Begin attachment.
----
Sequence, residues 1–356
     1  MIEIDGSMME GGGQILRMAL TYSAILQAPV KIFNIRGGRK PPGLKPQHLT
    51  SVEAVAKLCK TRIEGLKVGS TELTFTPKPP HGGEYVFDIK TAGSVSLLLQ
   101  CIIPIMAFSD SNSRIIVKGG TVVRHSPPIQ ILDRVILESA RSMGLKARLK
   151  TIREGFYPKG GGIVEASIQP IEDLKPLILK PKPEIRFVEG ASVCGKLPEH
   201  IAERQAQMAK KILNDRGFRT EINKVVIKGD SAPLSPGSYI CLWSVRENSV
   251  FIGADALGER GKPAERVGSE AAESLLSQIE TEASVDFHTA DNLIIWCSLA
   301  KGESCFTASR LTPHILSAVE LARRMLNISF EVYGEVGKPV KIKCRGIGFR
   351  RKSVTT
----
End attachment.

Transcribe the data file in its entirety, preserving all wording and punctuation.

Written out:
Sequence, residues 1–356
     1  MIEIDGSMME GGGQILRMAL TYSAILQAPV KIFNIRGGRK PPGLKPQHLT
    51  SVEAVAKLCK TRIEGLKVGS TELTFTPKPP HGGEYVFDIK TAGSVSLLLQ
   101  CIIPIMAFSD SNSRIIVKGG TVVRHSPPIQ ILDRVILESA RSMGLKARLK
   151  TIREGFYPKG GGIVEASIQP IEDLKPLILK PKPEIRFVEG ASVCGKLPEH
   201  IAERQAQMAK KILNDRGFRT EINKVVIKGD SAPLSPGSYI CLWSVRENSV
   251  FIGADALGER GKPAERVGSE AAESLLSQIE TEASVDFHTA DNLIIWCSLA
   301  KGESCFTASR LTPHILSAVE LARRMLNISF EVYGEVGKPV KIKCRGIGFR
   351  RKSVTT